Biology ETDs


Angela Hung

Publication Date



The study of sexual selection saw its intrepid inception when Charles Darwin observed the earnest with which many male birds must court a female before she will, but often not, mate with him. His idea of the choosy female' was a radical one in the Victorian era when women were regarded as the 'passive sex. In the century and a half that followed, sexual selection driven by female choice is now widely accepted and strongly supported. Today, with emerging technologies, the nuances and complexities of sexual reproductive are finally coming to light. Female choice in two species is described here. First, the effect of familiarity was tested by allowing female sheepshead minnow, Cyprinodon variegatus to cohabit with a set of males, then replacing half of these males with new males. Spawnings with each individual male was recorded in both conditions. In the period in which females were with familiar and unfamiliar males, it was found that females spawned more with the familiar males. In the second species, the brown anole, Anolis sagrei, sexual selection was investigated using a combination of behavioral, molecular, and statistical techniques. The major histocompatibility complex (MHC) is a cluster of genes that encode receptors that are critical for adaptive immunity in jawed vertebrates. These genes have also been found to affect mate choice in many species, however, the genetic characterization of these genes is poor for non-avian reptiles. In order to examine the effect of the MHC on mate choice in the brown anole, a portion of this gene first needed to be described. As these data were gathered, courtship and mating behaviors were measured in the same animals. Using logistic regression to control for behavior, it was found in mating trials that females tended to mate with males that carried more genetic diversity.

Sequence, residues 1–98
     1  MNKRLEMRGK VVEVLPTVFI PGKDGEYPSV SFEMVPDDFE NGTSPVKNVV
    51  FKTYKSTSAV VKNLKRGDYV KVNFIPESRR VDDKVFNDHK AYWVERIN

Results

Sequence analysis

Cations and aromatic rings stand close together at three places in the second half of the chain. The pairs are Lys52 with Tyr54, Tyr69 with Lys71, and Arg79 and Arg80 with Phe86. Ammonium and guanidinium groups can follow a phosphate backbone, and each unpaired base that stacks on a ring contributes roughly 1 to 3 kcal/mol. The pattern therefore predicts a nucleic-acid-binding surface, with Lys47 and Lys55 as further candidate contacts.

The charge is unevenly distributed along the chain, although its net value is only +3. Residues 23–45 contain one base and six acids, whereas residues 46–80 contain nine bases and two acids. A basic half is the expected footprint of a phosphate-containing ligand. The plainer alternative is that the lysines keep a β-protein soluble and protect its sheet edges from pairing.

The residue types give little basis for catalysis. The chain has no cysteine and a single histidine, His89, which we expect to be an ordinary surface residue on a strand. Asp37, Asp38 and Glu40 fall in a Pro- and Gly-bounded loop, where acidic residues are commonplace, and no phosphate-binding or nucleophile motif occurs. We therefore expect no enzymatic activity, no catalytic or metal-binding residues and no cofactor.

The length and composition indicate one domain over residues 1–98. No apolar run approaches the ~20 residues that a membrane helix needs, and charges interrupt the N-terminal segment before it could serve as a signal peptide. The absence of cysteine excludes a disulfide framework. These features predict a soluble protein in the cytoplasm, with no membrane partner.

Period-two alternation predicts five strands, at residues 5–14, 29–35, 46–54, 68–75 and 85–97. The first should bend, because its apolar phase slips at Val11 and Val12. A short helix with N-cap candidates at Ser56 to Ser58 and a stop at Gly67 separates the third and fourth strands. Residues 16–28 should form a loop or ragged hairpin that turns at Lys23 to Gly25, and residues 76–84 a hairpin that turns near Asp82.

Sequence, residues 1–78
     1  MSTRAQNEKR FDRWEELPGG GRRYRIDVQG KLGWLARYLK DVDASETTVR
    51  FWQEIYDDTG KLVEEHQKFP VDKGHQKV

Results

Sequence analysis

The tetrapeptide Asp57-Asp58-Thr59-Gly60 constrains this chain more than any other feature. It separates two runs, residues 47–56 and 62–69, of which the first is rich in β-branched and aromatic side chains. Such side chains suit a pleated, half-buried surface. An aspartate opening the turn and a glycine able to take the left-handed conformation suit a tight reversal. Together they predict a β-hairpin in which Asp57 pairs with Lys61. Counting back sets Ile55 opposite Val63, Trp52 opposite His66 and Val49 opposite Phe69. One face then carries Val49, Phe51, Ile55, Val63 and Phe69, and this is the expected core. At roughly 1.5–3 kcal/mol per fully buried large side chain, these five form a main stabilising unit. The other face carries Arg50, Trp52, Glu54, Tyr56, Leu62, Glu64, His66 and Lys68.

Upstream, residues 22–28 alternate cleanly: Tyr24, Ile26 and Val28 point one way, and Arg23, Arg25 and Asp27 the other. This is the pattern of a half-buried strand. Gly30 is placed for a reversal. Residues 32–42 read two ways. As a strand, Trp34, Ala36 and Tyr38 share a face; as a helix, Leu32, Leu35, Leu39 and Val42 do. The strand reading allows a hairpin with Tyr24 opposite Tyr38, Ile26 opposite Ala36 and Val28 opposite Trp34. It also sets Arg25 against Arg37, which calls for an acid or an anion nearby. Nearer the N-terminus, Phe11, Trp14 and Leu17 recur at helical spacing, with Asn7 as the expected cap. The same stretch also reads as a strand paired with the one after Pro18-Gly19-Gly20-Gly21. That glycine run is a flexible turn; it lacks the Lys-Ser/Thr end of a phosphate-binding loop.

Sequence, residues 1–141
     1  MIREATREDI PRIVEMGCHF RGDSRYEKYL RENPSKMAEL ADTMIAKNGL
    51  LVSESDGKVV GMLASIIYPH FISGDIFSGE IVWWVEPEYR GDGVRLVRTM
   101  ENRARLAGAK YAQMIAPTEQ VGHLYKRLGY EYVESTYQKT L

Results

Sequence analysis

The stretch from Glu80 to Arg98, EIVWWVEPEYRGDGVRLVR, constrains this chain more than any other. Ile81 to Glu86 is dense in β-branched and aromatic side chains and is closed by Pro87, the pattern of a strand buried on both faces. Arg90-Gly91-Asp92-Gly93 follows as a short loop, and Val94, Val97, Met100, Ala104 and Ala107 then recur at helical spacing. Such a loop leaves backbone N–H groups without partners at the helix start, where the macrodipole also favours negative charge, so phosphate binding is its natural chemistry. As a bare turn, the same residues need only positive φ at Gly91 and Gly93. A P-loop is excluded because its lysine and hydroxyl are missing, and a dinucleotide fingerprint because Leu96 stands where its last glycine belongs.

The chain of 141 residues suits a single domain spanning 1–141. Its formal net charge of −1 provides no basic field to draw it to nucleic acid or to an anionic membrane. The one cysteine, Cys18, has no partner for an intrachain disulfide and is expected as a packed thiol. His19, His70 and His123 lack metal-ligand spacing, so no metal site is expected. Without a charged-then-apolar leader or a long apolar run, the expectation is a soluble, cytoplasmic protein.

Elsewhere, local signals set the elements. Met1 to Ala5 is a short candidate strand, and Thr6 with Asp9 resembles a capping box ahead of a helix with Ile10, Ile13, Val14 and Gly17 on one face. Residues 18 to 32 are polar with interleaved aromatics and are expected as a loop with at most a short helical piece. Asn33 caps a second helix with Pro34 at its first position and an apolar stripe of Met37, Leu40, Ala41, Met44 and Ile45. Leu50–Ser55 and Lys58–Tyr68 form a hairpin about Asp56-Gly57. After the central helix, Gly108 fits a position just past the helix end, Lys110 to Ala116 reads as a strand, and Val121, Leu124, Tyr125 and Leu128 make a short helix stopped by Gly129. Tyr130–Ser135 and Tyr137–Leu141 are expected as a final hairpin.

Project Sponsors

University of New Mexico Biology Department; Center for Evolutionary and Theoretical Immunology; University of New Mexico




mate choice, sexual selection, Anolis sagrei, MHC, Cyprinodon

Document Type


Degree Name


Level of Degree


Department Name

UNM Biology Department

First Advisor

Kodric-Brown, Astrid

First Committee Member (Chair)

Miller, Robert

Second Committee Member

Thornhill, Randy

Third Committee Member

Cox, Robert